For the last 15 years, I have written for a number of business and trade publications. I have covered a wide range of topics from the newest exhibitions at museums to the doggie poop pickup business to vampires who have found an entrepreneurial voice because of the Twilight books and movie series. Sometimes I get bored by the subject matter and sometimes I am completely drawn in by the interview. I have to be honest and say that the fascination with vampires is the one topic that astonishes me most. Granted, I am still bewildered by people who pay others to pick up their dog’s poop, but their laziness has nothing over the vampire groupies that exist in our world today.
What amazes me about the whole vampire movement is that it encompasses relatively normal people from all walks of life. I interviewed one woman who gave up a career in social work and moved herself and her five children to the small town of Forks, Washington because that is where the Twilight action takes place. Yep, she left her husband behind at his job temporarily, and she opened up a store dedicated to Twilight. Now, she has a restaurant and lounge there as well. Some people may laugh, but this woman has brought life – maybe eternal life – to the logging town that died when the environmental protests over the Spotted Owl came into existence. The funny thing is that she did not take this on because she possessed some creative idea about making money. She did this because she wanted to live the life that exists in the Twilight books.
To be honest, I admire this woman. She had a dream and she incorporated her passion into that dream and made a nice living doing so. However, I conducted one other vampire interview which my editor and I decided to omit from the article because it was too bizarre for print in a trade magazine. Once again, I talked to a woman (Luckily, a phone interview) who also became obsessed with the Twilight series. However, she also had a long-standing love affair with Bram Stoker’s Dracula as well. And like my Forks, Washington lady, she had opened a store out on the west coast, but her store was dedicated to the entire concept of vampirism. While she carried the typical vampire memorabilia and merchandise, she offered a unique service to customers: She gave lessons to fellow vampire aficionados on how to drink blood. So, when she dropped this little bombshell, my professionalism went out the window and what flew in was total fear. I began to stammer,
“You d-d-d-drink blood? Human blood?”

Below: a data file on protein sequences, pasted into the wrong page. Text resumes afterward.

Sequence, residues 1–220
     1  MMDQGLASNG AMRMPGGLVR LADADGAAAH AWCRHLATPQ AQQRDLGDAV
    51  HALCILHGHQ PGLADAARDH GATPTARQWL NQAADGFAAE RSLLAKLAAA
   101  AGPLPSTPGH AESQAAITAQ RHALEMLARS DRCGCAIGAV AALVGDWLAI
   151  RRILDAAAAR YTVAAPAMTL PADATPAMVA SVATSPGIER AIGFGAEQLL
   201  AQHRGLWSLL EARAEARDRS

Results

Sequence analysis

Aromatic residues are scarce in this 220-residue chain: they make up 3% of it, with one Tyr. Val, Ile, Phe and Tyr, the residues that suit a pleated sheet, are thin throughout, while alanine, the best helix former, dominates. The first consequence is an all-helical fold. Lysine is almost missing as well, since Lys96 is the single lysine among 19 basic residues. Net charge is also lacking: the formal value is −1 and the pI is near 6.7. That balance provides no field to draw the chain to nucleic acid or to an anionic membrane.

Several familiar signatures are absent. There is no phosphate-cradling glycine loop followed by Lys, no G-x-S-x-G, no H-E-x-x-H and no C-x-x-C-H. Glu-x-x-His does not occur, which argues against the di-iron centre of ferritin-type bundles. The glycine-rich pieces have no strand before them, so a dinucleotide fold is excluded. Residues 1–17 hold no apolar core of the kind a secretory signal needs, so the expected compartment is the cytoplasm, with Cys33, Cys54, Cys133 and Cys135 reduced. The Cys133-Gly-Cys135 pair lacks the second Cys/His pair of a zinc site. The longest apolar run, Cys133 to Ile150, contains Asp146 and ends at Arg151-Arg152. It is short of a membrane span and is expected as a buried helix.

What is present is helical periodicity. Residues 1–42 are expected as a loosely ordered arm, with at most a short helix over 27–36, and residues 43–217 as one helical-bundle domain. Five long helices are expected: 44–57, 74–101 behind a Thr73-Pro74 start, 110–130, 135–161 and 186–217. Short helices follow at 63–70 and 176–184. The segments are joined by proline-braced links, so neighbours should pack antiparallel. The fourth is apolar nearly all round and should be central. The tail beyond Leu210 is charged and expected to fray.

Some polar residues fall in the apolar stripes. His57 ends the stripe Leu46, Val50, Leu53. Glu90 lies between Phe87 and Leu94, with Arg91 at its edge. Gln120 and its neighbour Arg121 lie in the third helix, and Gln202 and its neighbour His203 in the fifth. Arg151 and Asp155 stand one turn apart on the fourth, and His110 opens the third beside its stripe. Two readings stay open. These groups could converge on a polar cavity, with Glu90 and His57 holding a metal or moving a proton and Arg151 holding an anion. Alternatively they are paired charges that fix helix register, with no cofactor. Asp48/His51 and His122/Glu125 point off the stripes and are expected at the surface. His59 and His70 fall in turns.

“Of course, it gives me life for all time.”
“Uh huh. And you have others who drink b-blood with you?”
“Why, yes! You should come see in person what we do and how we live our lives.”
“That would be nice, but I am 3,000 miles away and I am a pretty big believer in keeping as much blood in my body as possible. It’s sort of a rule with me.”
You know, I think she was a tad insulted by a last comment, and I could not end that interview fast enough. I just knew that something evil may be afoot here, and I did not feel the need to delve into whatever it was. It’s not that I believe in all this vampire nonsense, but I do watch the Discovery and History channels a great deal, and the one thing I have learned from their paranormal shows is that crap happens to people who mess with the unknown.
When I finally was able to end this conversation, she gave me a gracious thank you and offered to send a few words to her Almighty on my behalf. All my mind could think was I bet her Almighty lives a little further south than most everyone else’s Almighty. I have to admit this woman creeped me out. I bent over backwards to be polite because I wasn’t sure if I was now on her vampire radar. Hey, I am a journalist but usually not an investigative journalist, so I didn’t think it necessary to endanger my life and soul for a trade magazine? Okay, it would be different if it was a national magazine or newspaper, but a trade?
After I hung up the phone, I took off to a nearby new age store that features Native American cleansing tools. I brought a sage smudging stick and then proceeded to cleanse my house. Do you know that sage smells a lot like pot? After the smudging, I did feel a lot better. My husband said I was high. Anyway, laugh at me if you must, but I was committed to making sure that the vampire lady and her bloody friends did not pave a path to my home.
This experience has taught me many things about my life as a freelance writer. Among the lessons: Never think any writing job is boring or beneath you; no matter how mundane a story is, find something of interest in it; and never judge any business harshly. You may not understand the reason for the existence of the dog poop picker upper business, but you can be pretty sure that nobody in that office is going to try and turn you into a creature of the night.
photo by Patricia